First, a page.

The Grand Entryway exhibits featured this arrest-me-red 2011 Ford Focus (available in March). Why? Because of its high tech electronic features. This former Focus owner (2000) was more interested in its performanceplanned 160HP engine at first; later supplemented by a twin turbo version (I thought I heard them saay 240HP--torque-steer city?) and later still either a hybrid or electric (they weren't clear on which one).
I've always thought that Gallo Acoustics speakers look great, but they also sound great as I found out when I listened to the new $6000 Reference 3.5 being powered by a Spectron Musician 3 Signature amp and Resolution Audio CD player. It went surprisingly low for a relatively small speaker, and the mids and highs were clean as a whistle.
Anthony Gallo Acoustics is doing its first wood veneer speakers, but that doesn't mean the Classico Collection is like everyone else's speakers. The S2, shown, uses the same tweeter as other Gallo products. Inside the enclosure is the same polyfill bag dampening that expands or contracts according to driver movement. Though the speaker shown is a prototype, the final version is expected to ship in 90 days for $695/pair. Other members of the same family will include another stand-mount, two floorstanders, center, and sub.
From Liquid Imaging Co. LLC comes the Summit Series HD combination video camera and snow goggles. The integrated wide angle HD camera captures the wearer's point of view while the skier is shushing down the slopes!
Many video reviewers use the original <I>HQV Benchmark</I> DVD and Blu-ray test discs in their evaluations of displays, players, and processors, but those discs are getting a bit long in the tooth, and there are a couple of errors on them that limit their usefulness in certain tests. Now, IDT has released version 2.0 of both discs, and they look fantastic. (During the development process, IDT solicited feedback from several reviewers, including Tom Norton and me, and I'm gratified that they actually took our advice.)
As you may already know, the intellectual property rights for HQV video processing were purchased by IDT some time ago, and the company has been working on new chips since then. I've seen demos of prototypes a couple of times, but I was under NDA (non-disclosure agreement) until now. I can finally talk about the HQV Vida chip, which will soon be available in AVRs, Blu-ray players, and video processors.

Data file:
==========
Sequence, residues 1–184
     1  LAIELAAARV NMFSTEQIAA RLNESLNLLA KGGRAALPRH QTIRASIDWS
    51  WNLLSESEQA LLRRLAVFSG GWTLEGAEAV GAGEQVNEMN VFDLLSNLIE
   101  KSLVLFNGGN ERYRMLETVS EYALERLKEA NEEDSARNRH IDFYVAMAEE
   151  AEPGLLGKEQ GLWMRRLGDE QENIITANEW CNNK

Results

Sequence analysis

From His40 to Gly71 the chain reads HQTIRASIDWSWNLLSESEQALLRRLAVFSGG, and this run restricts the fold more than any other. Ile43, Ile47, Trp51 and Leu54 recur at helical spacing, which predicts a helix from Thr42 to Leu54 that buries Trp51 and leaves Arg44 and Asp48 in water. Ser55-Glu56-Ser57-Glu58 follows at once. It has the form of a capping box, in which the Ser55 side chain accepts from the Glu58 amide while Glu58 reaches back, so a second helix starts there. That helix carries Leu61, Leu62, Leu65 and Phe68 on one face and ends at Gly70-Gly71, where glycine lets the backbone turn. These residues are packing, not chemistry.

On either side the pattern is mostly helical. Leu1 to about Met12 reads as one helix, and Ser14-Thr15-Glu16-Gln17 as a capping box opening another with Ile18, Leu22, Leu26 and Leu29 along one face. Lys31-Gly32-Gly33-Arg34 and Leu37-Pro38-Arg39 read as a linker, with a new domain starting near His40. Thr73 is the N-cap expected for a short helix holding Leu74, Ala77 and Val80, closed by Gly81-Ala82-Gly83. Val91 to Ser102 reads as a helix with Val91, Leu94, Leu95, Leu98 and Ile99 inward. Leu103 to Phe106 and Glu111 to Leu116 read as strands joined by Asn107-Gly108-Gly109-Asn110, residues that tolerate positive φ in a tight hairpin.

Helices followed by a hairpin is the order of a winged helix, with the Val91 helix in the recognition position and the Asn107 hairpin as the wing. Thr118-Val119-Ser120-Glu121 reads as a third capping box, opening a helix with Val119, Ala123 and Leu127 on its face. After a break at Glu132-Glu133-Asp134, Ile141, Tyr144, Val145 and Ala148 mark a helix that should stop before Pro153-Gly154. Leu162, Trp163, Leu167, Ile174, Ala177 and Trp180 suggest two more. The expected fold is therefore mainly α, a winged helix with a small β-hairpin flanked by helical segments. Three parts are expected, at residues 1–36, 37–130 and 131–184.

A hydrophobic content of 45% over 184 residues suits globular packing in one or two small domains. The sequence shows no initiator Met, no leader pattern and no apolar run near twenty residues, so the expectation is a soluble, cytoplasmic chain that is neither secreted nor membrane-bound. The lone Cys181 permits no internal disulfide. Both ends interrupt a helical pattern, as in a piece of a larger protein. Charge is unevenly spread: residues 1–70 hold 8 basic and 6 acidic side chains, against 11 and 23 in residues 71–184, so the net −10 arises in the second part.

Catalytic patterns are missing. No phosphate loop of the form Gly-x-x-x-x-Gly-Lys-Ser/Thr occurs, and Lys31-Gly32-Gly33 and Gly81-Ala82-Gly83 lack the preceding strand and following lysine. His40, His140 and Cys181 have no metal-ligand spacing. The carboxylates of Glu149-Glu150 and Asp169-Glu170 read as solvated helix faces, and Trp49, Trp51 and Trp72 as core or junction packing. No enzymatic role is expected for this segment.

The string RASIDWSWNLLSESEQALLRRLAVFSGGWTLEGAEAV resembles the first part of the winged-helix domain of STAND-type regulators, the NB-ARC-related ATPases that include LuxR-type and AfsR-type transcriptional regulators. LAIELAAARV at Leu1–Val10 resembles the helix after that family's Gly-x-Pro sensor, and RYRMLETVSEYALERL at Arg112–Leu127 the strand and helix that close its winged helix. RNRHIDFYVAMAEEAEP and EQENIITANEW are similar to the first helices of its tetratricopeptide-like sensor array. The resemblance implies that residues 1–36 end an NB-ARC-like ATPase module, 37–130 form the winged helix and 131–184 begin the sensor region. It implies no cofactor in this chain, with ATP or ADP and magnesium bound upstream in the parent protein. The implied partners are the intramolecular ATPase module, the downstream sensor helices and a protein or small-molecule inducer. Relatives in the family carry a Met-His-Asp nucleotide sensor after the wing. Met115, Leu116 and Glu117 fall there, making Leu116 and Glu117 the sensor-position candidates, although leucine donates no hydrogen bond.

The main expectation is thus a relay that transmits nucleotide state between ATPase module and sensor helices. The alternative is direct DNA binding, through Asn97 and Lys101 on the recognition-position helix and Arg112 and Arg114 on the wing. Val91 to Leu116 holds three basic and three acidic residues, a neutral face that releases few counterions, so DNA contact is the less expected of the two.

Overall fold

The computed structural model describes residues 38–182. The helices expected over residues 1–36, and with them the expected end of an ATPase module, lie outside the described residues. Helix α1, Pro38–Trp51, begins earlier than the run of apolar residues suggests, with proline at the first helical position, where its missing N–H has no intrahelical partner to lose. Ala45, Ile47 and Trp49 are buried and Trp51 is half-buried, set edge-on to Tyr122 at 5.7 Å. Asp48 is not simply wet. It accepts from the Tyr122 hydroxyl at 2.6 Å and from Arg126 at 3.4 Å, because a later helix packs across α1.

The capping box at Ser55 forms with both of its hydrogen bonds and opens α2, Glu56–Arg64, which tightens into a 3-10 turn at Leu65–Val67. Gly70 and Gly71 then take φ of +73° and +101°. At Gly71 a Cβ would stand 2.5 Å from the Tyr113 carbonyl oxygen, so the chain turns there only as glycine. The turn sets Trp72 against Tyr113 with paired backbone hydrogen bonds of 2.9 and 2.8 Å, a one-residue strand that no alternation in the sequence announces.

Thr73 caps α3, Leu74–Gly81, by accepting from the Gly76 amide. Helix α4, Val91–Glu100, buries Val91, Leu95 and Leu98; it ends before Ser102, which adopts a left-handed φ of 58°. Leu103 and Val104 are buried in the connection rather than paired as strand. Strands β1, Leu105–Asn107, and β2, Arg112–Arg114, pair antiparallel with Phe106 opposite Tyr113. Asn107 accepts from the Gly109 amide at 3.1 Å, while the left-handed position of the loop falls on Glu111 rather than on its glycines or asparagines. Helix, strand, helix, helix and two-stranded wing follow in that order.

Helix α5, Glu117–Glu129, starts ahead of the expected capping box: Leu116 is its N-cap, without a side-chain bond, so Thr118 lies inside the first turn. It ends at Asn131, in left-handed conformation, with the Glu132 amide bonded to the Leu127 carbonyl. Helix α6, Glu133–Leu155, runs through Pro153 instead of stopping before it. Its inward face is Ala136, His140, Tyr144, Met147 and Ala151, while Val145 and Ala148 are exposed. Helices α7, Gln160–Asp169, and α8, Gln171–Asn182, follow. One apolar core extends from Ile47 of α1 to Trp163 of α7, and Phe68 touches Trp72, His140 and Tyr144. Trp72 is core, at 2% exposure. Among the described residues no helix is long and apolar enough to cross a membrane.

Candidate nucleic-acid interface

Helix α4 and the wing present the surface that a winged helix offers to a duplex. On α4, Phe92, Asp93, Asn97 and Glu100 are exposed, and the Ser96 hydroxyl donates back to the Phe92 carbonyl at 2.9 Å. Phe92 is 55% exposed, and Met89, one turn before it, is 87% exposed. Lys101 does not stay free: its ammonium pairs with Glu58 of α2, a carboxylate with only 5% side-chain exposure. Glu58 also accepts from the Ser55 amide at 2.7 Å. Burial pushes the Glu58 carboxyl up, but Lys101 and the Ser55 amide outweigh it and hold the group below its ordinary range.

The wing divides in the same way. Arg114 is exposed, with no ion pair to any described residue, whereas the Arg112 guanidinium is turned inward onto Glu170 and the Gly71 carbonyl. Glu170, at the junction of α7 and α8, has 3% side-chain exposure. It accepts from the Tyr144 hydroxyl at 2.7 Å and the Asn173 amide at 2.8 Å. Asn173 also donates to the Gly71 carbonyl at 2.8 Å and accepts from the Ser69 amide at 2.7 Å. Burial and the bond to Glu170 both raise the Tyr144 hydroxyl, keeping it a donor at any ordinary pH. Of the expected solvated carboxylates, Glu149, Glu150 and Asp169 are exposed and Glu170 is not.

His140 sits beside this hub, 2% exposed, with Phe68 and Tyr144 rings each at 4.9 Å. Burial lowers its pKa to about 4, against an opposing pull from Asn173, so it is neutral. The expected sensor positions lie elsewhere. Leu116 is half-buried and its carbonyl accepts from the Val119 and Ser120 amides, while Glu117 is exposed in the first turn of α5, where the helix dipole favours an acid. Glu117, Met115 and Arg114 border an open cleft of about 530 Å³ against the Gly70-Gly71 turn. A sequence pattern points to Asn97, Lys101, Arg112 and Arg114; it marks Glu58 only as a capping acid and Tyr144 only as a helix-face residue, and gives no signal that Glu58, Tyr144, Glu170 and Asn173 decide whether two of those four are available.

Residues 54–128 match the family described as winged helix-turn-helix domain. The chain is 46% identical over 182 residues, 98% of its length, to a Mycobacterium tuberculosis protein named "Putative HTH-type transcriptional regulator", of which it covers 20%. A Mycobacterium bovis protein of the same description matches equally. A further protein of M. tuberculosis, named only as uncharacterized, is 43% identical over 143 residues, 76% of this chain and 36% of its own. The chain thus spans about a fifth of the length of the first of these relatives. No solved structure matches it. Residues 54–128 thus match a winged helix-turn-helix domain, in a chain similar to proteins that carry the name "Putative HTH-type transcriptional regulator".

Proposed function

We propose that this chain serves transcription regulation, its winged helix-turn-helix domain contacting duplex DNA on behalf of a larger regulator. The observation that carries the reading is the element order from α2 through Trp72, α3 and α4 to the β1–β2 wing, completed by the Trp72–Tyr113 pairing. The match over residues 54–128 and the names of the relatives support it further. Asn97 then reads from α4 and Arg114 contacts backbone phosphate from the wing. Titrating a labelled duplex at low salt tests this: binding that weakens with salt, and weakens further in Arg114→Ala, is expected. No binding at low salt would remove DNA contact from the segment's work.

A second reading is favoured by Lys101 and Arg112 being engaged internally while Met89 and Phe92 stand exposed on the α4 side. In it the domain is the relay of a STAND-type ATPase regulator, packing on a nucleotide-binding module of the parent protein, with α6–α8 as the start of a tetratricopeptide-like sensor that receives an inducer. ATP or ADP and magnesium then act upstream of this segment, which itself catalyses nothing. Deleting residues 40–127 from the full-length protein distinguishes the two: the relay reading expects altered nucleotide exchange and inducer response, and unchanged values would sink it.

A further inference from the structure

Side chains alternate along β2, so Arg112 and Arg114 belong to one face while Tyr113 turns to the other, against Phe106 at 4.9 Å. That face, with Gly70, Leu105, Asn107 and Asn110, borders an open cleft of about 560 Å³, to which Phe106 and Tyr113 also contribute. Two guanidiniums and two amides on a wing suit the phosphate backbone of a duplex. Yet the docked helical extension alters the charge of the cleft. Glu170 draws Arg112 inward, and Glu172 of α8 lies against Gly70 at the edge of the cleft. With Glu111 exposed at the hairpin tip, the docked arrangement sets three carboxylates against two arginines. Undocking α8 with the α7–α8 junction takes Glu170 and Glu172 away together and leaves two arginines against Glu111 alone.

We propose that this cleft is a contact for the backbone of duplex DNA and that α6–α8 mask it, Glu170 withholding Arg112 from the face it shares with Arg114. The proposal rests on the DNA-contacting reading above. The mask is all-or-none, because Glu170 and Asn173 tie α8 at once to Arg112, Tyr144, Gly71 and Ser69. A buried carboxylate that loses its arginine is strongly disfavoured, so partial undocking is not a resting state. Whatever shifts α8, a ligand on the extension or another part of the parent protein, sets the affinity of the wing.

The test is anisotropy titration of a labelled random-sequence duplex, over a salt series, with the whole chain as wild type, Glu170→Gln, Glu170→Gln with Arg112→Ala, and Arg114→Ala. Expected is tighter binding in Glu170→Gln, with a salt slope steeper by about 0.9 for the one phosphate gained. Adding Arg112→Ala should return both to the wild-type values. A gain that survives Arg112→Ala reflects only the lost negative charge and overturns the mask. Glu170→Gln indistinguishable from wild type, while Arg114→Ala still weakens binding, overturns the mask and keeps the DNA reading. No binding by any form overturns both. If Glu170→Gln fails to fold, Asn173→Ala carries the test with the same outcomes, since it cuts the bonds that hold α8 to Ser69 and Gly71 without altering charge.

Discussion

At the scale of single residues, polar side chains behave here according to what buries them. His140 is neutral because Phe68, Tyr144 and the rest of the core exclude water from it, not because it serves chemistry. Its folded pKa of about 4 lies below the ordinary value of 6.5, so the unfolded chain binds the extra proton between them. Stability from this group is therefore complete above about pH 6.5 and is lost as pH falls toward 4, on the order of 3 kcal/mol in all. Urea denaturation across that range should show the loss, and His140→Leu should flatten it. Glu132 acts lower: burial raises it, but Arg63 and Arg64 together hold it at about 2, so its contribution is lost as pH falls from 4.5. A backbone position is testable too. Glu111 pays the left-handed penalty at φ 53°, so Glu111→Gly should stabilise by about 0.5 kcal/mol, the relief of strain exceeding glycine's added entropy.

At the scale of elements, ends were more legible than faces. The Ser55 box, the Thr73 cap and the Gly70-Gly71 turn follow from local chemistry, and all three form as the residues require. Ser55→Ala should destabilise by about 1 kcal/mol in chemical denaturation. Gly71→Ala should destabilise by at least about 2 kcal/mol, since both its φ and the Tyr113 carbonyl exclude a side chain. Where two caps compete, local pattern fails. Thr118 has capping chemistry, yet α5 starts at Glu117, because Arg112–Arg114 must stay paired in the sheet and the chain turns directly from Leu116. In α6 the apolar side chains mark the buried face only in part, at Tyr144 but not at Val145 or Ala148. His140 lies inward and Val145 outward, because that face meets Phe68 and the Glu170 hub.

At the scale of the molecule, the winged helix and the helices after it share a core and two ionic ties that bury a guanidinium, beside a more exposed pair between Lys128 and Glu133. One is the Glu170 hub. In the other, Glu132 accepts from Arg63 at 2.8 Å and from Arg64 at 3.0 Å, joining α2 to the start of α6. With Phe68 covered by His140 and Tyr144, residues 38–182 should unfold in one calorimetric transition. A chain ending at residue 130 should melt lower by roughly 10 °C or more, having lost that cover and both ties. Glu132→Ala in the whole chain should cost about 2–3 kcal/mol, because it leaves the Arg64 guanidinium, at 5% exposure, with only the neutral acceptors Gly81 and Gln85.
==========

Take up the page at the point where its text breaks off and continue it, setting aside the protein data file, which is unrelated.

There are quite a few add-on devices that will turn your iPod touch into a remote control, but most of them are cumbersome or require some sort of obtrusive dongel. The most interesting one I’ve found so far is the Surc, which is an iPhone case with a built-in IR emitter. The case isn’t much larger than the iPhone itself, and it’s easily removable if you only want to use it at home. A free app is available that lets you customize the remote by adding in remote control code sets already in the Surc database – or you can teach the remote codes that aren’t yet available. Multiple rooms and macros can be easily programmed into the iPhone/Surc combo in minutes. It’s extremely easy to set up, and the UI is configurable (buttons can be moved, added, or removed). Availability is targeted for early 2011 with pricing yet to be determined. Surc cases for the iPod touch and iPad are in development. You can learn more at www.getsurc.com.
Optoma introduced the Neo-I, an all-in-one AV iPod dock with a built-in pico projector, speakers, 16-watt amplifier, and an HDMI input. The promotional materials say it’s capable of projecting up to a 120-inch image, but I think that’s pushing it a bit. Skins will be available for the bezel surrounding the speaker grilles that will allow you to personalize the dock. MSRP is $449.
I know that we in this country are entitled to life, liberty, and the pursuit of happiness in the form of some sort of iPod accessory; but I draw the line at karaoke – especially iKaraoke. Friends don’t let friends karaoke.
Now that the holidays are over—which, frankly, I was ready for days ago—it's time to turn an expectant eye toward Las Vegas and CES. Unlike many of my colleagues, I love going to the show, and this year is no exception. As usual, I'll be driving from Los Angeles, and I'm really looking forward to cruising through the beautiful desert landscape in a Lincoln MKZ with a kick-ass sound system courtesy of THX.
Watch out, Google TV. Fanhattan is a new service scheduled to launch in early 2011 that uses a very simple and easy-to-use UI to let you surf the world of video entertainment. It not only makes it easy to find the TV shows and movies you want to watch – it also lists the various services that provide that content and the prices charged (in the case of movies, for instance). Fanhattan will also provide a bunch of options having to do with the main content, such as related movie synopsis, bios, and YouTube videos.
While it wasn't new, and didn't have the ultimate refinement of the Revel/Levinson system playing in the adjacent room, the imaging of JBL's massive horn-loaded Synthesis 1400 was striking and endlessly engaging. With two of these, you don't need a center speaker. With Mark Levinson electronics, the system weighed in at $44,500.
Hardly cheap at a mere $11,800 per pair, but a bargain compared to some of the above systems, Joseph Audio's new Perspective floor standers are an outgrowth of the company's $7000 pulsar stand-mount monitor, with an added 5" woofer in a larger cabinet. They sounded superb, with far more bass than I expected.